Do you want a pet that you can actually pet? A gecko or a bearded dragon doesn't mind handling. On the other hand, as mentioned, a chameleon does not do well with excessive handling. Various types of tarantulas don't mind handling, but are YOU okay with handling? Even if your pet is mostly in his cage, at some point that pet needs to be removed from the cage while you clean it. In short, you WILL be handling your pet at some point. Whether you like it or not.  (If not, you can use this handy, dandy guide to trapping your animal.  Works for mice and tarantulas.  Dogs?  Not so much.)
We don't handle our tarantulas a lot, I actually don't think they enjoy it. We do, however, let them roam around once in awhile.  And occasionally play with the Angry Birds.

And now, I shall open the floor to you. Do you have other questions? For those of you also experienced in this area, is there anything that I might have missed?

January 9, 2012

On Working

According to recent headlines, my levels of happiness should have shot through the roof when I started working again last month. Yes, indeed -- according to one recent study it was boldly declared that "Working Moms Feel Better than Stay-at-Home Moms". After a working hiatus of over 6 years, you would assume that I would have noticed significant elevations in the levels of my life satisfaction, no?

Studies such as the one I have referenced always make me smile. Often, it is difficult to determine if the sample sizes were selected randomly in a true, statistical sense.  More importantly, the sample sizes are generally so insignificant in actual numbers that extrapolating results to a larger population is useless and  downright misleading. Additionally, the testing methodology seems to simply stem from a series of subjective interviews and observations with 1300 subjects in 10 locations over a 10 year period of time.  Don't get me started on how the media conveniently leaves out that the study was focused quite a bit on part-time working mothers.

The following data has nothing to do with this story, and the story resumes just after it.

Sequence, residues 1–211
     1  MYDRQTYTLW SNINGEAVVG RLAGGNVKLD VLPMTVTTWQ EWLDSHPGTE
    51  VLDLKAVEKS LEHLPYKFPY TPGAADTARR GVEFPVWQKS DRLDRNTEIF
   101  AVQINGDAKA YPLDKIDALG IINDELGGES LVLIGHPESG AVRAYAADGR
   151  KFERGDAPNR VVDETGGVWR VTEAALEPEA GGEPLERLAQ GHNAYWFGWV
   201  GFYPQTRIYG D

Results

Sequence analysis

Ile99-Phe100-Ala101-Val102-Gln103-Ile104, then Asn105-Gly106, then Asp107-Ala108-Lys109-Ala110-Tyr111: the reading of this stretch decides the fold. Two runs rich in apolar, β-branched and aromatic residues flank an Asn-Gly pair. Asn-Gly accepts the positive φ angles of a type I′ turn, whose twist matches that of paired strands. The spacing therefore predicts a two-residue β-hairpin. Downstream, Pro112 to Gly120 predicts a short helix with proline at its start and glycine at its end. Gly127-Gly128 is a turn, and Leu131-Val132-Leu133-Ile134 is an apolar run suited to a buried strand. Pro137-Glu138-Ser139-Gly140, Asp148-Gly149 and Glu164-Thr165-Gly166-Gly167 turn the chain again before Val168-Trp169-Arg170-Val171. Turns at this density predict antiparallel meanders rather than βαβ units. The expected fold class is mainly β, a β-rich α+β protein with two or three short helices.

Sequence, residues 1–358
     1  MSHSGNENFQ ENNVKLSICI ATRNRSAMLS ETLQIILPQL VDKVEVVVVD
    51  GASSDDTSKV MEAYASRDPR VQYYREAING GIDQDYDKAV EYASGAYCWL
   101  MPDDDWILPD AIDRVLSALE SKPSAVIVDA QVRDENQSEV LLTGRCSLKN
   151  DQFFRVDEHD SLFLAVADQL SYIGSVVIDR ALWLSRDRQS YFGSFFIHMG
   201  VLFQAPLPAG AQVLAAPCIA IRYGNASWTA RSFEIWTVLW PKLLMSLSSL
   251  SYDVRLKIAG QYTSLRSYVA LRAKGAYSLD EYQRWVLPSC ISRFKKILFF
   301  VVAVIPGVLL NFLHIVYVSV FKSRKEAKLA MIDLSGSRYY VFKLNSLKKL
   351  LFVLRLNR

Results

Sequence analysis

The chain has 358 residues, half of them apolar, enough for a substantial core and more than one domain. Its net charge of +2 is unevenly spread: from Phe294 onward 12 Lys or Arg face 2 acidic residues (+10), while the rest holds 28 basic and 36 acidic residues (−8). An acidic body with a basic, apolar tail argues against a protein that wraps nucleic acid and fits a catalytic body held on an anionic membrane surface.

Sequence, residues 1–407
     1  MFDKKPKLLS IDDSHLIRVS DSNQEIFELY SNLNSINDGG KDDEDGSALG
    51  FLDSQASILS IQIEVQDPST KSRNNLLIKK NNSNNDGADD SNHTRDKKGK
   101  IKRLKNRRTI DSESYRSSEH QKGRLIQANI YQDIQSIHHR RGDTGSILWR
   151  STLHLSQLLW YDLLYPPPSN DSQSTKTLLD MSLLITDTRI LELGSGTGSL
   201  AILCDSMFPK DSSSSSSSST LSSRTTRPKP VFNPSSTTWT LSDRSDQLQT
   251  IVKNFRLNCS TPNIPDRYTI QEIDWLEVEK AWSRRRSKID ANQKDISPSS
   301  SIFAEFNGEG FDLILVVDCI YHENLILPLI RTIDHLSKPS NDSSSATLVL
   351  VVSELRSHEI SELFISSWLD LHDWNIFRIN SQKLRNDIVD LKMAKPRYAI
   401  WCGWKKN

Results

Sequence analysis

It would almost make you think that someone has an agenda.

In December, when I trotted out the door with travel mug in hand, in that true, traditional sense of working which involves Going to An Actual Office With Real, Life-Like People While My Children Are in Daycare (as opposed to the past forays into working that involved me, my laptop and my dining room table), I noticed right off the bat that I miss my kids. I really, really miss them -- seeing them for just a few hours a day is simply not enough for me. They are small and their time with me is so very temporary. I feel this acutely - particularly in light of the fact that Arun will be in school full-time this fall. Furthermore, I hate that Anjali has taken this so hard - she has been crying at dropoff and is vocal in that she would rather I stay home. At night, she squeezes in close and whispers "I miss you, Mama."

I miss our laidback mornings. I miss my messy-haired, sleepy-eyed kids with stinky breath coming down the stairs and snuggling in my lap for a few minutes as they wake up.

I miss walking my kids to school -- Manoj is currently doing virtually all of the school/daycare dropoffs and pickups. I love knowing their teachers, I enjoy seeing directly what is happening in their school environments. I miss connecting with other parents and being involved in all of that.

I miss cooking meals from scratch. We have tried the slow cooker thing, but we are still mostly cobbling together meals via picking through the leftovers in the fridge or doing take out. I miss grocery shopping throughout the week. I enjoy meandering through the store with the kids and letting them pick out whatever they want in the produce aisle. I miss picking through fresh ingredients and trying to come up with fun ideas for the week.

I miss my books and I do miss my social media outlets (Facebook drama notwithstanding. I do not particularly miss that). However, I do not miss my TV shows and in fact, have pared them down even further (Once Upon a Time, Terra Nova I hardly knew ye.)